A lightweight approach to Go vanity import paths

Golang forces its users to use the repository URL of the dependency in the import statement.

For instance, if we want to import the “test” package that is hosted at github.com/fale/test, we will need to use github.com/fale/test.

In one hand this is very nice since it allows anyone reading the code to immediately understand where the code is hosted and therefore finding it very quickly.

Also, this URL-based import path guarantees that no two different packages can have the same import path, preventing this kind of confusion for both programmers and the compiler itself.

On the other hand, this is a limitation, since it makes the code very reliant to the repository location.

This might be problematic in many cases, and the first one that pops in my mind (since it is the one that triggered this problem for me) is a company that has all its code hosted on a specific web site (for example, github.com), but then it decides to move it to a different website (for example, gitlab.com).

With the typical Golang configuration, this would require to walk through all the files that depend on the moving package to replace the import path.

This substitution obviously can be automated in many ways, but it would still be better to be able to unbundle those two concepts.

To unbundle the code repository hosting the package and the import path, Golang supports the idea of Vanity Import Paths.

The way this has been implemented is that, as long as the import path points to a page where Go can find the real package URL, it will follow through.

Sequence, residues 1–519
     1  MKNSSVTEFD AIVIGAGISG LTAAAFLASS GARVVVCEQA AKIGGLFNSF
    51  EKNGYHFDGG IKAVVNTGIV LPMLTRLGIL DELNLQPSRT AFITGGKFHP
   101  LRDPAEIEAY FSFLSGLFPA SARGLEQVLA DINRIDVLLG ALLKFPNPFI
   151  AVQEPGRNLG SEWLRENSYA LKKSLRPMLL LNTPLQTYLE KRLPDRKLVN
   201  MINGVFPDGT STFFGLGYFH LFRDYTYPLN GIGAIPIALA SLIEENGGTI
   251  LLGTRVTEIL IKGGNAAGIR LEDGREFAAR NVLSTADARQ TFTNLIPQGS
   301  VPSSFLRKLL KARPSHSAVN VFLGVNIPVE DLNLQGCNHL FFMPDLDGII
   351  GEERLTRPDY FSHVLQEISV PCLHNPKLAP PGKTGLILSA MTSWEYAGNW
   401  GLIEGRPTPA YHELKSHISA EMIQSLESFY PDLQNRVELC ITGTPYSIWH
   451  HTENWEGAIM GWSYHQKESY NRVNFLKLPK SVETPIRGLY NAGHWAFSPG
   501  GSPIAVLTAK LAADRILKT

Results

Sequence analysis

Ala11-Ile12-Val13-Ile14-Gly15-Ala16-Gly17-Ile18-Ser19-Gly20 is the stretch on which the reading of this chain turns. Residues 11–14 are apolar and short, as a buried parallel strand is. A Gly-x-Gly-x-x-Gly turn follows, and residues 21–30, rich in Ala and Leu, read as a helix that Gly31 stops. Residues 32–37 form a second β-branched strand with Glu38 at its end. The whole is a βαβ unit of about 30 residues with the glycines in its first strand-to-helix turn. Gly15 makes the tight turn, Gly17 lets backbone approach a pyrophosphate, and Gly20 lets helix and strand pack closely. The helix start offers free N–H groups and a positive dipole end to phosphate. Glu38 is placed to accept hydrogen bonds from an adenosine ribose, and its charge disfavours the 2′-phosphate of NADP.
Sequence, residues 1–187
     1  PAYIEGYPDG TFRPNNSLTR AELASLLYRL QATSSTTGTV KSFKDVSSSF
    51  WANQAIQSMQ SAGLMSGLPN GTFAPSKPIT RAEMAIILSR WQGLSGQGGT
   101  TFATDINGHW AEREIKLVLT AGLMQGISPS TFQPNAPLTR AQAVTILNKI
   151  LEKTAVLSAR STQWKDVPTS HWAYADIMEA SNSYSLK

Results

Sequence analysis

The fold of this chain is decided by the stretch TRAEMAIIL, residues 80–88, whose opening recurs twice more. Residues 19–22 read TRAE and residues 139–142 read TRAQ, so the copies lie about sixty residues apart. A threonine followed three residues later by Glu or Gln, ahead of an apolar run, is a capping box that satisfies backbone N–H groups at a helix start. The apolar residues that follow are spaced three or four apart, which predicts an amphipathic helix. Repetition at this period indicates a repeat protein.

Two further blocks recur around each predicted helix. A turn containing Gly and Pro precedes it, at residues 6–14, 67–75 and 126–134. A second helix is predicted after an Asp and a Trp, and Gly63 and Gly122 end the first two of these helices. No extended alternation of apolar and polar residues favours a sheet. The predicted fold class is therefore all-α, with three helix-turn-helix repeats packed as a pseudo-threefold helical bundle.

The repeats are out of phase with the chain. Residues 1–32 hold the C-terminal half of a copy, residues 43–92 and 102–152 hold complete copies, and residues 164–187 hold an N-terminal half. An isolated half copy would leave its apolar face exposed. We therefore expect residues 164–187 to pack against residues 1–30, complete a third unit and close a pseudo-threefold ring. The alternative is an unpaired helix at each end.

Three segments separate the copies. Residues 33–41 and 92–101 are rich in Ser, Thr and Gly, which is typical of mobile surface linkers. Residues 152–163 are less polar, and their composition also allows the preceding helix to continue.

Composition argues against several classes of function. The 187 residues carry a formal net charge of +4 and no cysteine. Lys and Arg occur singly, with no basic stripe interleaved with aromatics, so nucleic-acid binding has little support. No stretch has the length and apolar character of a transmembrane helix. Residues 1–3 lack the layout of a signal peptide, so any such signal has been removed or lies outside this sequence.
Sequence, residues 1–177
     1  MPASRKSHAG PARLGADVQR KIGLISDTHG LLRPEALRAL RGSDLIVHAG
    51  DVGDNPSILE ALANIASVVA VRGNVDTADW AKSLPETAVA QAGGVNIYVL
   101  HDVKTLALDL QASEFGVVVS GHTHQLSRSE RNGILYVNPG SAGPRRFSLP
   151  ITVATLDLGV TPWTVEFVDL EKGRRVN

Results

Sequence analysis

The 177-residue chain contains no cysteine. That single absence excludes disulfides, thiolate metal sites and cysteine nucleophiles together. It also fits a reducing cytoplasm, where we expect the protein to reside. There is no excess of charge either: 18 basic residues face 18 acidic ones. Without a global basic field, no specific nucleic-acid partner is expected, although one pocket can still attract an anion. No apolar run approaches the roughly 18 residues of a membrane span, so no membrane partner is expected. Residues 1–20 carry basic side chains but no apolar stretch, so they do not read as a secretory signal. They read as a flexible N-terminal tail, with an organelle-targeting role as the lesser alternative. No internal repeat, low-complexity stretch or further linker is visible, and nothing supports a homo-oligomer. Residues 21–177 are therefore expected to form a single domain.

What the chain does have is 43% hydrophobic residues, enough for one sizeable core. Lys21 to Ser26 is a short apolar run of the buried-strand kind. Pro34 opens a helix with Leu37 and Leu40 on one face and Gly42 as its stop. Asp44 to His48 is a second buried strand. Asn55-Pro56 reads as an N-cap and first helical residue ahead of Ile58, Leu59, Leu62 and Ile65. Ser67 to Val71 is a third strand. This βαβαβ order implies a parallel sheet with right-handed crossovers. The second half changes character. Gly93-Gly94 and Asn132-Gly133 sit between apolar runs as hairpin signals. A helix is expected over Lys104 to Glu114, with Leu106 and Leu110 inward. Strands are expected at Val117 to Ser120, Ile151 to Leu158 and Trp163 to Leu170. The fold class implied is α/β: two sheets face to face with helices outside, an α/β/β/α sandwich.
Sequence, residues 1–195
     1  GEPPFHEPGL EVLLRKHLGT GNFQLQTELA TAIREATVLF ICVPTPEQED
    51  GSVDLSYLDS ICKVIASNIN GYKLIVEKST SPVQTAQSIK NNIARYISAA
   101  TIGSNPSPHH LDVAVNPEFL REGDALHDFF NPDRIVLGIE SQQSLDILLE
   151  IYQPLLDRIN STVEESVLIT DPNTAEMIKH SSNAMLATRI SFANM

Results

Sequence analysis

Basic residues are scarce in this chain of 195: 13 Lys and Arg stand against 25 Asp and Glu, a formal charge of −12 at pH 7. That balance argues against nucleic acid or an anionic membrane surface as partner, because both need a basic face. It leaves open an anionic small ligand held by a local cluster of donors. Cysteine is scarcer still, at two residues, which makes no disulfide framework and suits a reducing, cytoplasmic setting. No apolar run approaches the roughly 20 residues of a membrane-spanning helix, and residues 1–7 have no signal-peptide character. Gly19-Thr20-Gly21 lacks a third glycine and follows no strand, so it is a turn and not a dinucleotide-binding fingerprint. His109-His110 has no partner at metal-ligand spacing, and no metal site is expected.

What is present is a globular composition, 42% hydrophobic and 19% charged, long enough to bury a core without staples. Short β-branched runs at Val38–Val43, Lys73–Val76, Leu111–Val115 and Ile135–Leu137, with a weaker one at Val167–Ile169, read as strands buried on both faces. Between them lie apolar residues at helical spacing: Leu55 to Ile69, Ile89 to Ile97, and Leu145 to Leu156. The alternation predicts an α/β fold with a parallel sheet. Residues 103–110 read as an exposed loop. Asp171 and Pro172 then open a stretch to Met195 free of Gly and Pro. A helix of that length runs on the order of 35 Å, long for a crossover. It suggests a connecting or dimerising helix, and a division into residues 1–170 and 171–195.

So, we will need to create a web server that can serve pages in a way that the Go toolchains can understand.

To do so, I used the following code:

package main

import (
    "html/template"
    "log"
    "net/http"
    "os"
    "strings"
)

type conversion struct {
    Vanity string
    Real   string
    Domain string
}

var conversions = []conversion{
    conversion{Domain: "go.fale.io", Vanity: "test", Real: "https://github.com/fale/test"},
}

var tpl = template.Must(template.New("main").Parse(`<!DOCTYPE html>
<html>
    <head>
        <meta http-equiv="Content-Type" content="text/html; charset=utf-8"/>
        <meta name="go-import" content="{{ .Domain }}/{{ .Vanity }} git {{ .Real }}">
    </head>
</html>
`))

func main() {
    log.Println("Starting")

    wwwPort := "80"
    if os.Getenv("DEBUG") == "true" {
        wwwPort = "10080"
    }

    http.HandleFunc("/", func(w http.ResponseWriter, r *http.Request) {
        log.Printf("%s %s %s\n", r.Method, r.URL, r.Proto)
        for _, c := range conversions {
            if r.URL.Path[1:] == c.Vanity || strings.HasPrefix(r.URL.Path[1:], c.Vanity+"/") {
                w.WriteHeader(200)
                tpl.Execute(w, c)
                return
            }
        }
        http.Error(w, "Not found", 404)
        return
    })

    http.HandleFunc("/healthz", func(w http.ResponseWriter, r *http.Request) { w.Write([]byte("ok")) })
    http.HandleFunc("/readiness", func(w http.ResponseWriter, r *http.Request) { w.Write([]byte("ok")) })

    log.Println("Ready to serve")
    http.ListenAndServe(":"+wwwPort, nil)
}

For every repository we have, we need to add one more item in the conversions array.